Expressing Emotion in Writing
by Patrick Hodges
As an author, it’s normal to look at our past works and wonder, “OMG, what was I thinking?” Obviously, rookie mistakes are normal when you’re a fledgling writer, but whether you are writing your first book or your tenth, I have some advice that may help you.
If a story doesn’t touch us on at least a basic emotional level, we tend to find ourselves becoming bored. And it’s not always easy for a character to display emotion in a way that will cause a reader to understand it.
What do I mean? Well, let’s say you’re writing a particularly scary scene. One would expect the characters to show signs of fear, right? If the author simply writes, “She suddenly felt scared,” does that get the message across? Sure it does, but does it really connect? Do you feel her fear? Probably not.
I recently purchased a book called The Emotion Thesaurus, by Angela Ackerman and Becca Puglisi, and let me tell you, it is a veritable fount of information. It offers examples of nearly every way a person might display emotions such as anxiety, depression, doubt, relief, impatience, love, worry, or, yes, abject terror.
Returning to my previous example: let’s say your character has found herself locked in a haunted house with a dead body, and she is surrounded by all kinds of weird creaking, clanking noises. Obviously, you’d expect her to be scared out of her mind. But how would you relay that to your readers?
Here is a short list of attributes associated with terror, both interior and exterior:
- Full body tremors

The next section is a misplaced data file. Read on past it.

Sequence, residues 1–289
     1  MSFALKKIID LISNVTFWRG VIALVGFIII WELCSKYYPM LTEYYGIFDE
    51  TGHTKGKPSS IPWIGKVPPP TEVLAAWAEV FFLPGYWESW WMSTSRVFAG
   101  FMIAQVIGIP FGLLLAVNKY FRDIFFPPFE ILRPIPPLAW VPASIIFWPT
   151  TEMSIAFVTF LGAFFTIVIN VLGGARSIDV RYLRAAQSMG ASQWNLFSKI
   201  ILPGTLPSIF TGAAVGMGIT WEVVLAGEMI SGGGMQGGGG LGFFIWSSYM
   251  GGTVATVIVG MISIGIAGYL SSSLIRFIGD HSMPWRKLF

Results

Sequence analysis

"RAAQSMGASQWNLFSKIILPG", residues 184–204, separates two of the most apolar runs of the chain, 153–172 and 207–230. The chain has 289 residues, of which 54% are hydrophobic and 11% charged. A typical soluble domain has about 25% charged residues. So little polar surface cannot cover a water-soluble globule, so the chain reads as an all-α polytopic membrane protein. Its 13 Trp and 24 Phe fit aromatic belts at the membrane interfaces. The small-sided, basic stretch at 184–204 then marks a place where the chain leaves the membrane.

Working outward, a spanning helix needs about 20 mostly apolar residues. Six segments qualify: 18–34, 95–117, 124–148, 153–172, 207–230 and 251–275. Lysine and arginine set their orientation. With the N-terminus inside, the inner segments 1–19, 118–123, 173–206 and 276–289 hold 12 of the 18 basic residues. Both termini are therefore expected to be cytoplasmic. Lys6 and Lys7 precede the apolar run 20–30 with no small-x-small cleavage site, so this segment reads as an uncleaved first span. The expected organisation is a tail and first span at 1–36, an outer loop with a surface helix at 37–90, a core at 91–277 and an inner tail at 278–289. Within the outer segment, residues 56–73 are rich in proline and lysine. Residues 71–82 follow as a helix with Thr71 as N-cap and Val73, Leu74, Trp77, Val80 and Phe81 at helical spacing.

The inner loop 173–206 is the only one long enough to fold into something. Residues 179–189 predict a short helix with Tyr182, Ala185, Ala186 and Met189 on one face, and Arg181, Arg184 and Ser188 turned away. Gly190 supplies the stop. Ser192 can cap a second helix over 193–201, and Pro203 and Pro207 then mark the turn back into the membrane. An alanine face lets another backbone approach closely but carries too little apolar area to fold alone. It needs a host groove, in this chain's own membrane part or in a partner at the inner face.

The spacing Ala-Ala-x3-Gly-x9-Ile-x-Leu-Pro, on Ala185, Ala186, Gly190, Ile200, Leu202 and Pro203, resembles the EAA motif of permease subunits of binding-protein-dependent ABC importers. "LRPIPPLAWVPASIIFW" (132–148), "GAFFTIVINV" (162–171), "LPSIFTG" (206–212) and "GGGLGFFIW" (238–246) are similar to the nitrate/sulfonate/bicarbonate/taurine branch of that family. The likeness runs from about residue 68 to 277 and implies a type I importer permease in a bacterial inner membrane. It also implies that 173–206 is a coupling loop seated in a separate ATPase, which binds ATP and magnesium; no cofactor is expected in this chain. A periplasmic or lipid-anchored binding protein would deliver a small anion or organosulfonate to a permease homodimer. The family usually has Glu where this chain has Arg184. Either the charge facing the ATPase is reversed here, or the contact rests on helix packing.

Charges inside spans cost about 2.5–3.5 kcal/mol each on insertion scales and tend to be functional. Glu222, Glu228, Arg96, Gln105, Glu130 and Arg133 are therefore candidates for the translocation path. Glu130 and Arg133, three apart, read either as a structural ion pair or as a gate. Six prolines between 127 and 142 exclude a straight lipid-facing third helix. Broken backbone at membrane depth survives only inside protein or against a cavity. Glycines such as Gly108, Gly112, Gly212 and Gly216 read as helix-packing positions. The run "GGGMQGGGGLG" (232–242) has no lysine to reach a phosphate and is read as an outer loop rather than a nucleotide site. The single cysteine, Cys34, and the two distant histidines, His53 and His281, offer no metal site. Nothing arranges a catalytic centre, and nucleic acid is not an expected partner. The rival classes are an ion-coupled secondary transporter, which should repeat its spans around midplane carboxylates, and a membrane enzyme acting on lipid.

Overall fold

- Squeezing eyes shut
- Trembling lips
- Flaring nostrils
- Clutching one’s throat
- Racing pulse
- Weak legs
- Dizziness, seeing black spots
The book also includes mental responses such as hyper-vigilance, sensitivity to noise, etc. It literally explores every avenue an emotion can take. It even includes writers’ tips at the end of each section.
I cannot express in words just how much this has helped me in my writing. If you could see me, I’d be expressing the signs of gratitude: glowing eyes, open palms, blowing a kiss… well, you get the point.
Patrick Hodges lives in Arizona with his wife of 15 years, Vaneza. After doing weekly columns for entertainment-related websites, he has turned his attention to writing fiction. He is passionate about sending positive messages to young people. Patrick has authored three books: Joshua’s Island, Ethan’s Secret, and Sophie’s Different. You may reach him at email@example.com or “like” him on Facebook.
Great tip, Patrick. Thanks for sharing!
Patrick — a great resource for writers. Thanks!! (I guess I could have used a more descriptive phrase than “great”)
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Thanks for sharing this resource, Patrick. I agree, and I want all my readers to display the emotion shown in the character in top-row-third, and second-row-first. In other words, how many ways can I say “laugh yourself silly?”
Thank you so much for the info. I will have to check the Emotion Thesaurus out 🙂